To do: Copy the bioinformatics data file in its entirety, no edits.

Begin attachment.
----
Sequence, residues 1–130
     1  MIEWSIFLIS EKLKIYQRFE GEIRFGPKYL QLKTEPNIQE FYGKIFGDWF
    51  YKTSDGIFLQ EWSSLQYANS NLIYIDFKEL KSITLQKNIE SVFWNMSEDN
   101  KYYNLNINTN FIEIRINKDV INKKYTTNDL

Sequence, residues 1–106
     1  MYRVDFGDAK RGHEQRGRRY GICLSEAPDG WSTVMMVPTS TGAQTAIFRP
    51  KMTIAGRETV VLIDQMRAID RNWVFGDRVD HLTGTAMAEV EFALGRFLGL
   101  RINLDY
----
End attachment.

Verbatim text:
Sequence, residues 1–130
     1  MIEWSIFLIS EKLKIYQRFE GEIRFGPKYL QLKTEPNIQE FYGKIFGDWF
    51  YKTSDGIFLQ EWSSLQYANS NLIYIDFKEL KSITLQKNIE SVFWNMSEDN
   101  KYYNLNINTN FIEIRINKDV INKKYTTNDL

Sequence, residues 1–106
     1  MYRVDFGDAK RGHEQRGRRY GICLSEAPDG WSTVMMVPTS TGAQTAIFRP
    51  KMTIAGRETV VLIDQMRAID RNWVFGDRVD HLTGTAMAEV EFALGRFLGL
   101  RINLDY